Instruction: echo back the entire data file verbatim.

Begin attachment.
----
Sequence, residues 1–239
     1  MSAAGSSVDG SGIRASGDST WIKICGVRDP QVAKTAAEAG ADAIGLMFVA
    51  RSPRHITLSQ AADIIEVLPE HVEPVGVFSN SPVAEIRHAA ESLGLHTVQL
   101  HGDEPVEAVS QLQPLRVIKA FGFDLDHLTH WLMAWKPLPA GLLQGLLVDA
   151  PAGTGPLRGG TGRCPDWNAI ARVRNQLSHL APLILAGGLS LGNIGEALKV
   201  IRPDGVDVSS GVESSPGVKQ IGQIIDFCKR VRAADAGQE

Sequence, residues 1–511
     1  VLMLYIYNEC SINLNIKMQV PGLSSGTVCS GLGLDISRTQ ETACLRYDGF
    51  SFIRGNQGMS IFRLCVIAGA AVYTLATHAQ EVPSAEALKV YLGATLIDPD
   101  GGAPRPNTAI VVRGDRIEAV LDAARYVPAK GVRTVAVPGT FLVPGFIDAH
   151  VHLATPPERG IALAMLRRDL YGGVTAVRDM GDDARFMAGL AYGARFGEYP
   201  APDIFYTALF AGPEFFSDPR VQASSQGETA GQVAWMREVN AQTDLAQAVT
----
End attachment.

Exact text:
Sequence, residues 1–239
     1  MSAAGSSVDG SGIRASGDST WIKICGVRDP QVAKTAAEAG ADAIGLMFVA
    51  RSPRHITLSQ AADIIEVLPE HVEPVGVFSN SPVAEIRHAA ESLGLHTVQL
   101  HGDEPVEAVS QLQPLRVIKA FGFDLDHLTH WLMAWKPLPA GLLQGLLVDA
   151  PAGTGPLRGG TGRCPDWNAI ARVRNQLSHL APLILAGGLS LGNIGEALKV
   201  IRPDGVDVSS GVESSPGVKQ IGQIIDFCKR VRAADAGQE

Sequence, residues 1–511
     1  VLMLYIYNEC SINLNIKMQV PGLSSGTVCS GLGLDISRTQ ETACLRYDGF
    51  SFIRGNQGMS IFRLCVIAGA AVYTLATHAQ EVPSAEALKV YLGATLIDPD
   101  GGAPRPNTAI VVRGDRIEAV LDAARYVPAK GVRTVAVPGT FLVPGFIDAH
   151  VHLATPPERG IALAMLRRDL YGGVTAVRDM GDDARFMAGL AYGARFGEYP
   201  APDIFYTALF AGPEFFSDPR VQASSQGETA GQVAWMREVN AQTDLAQAVT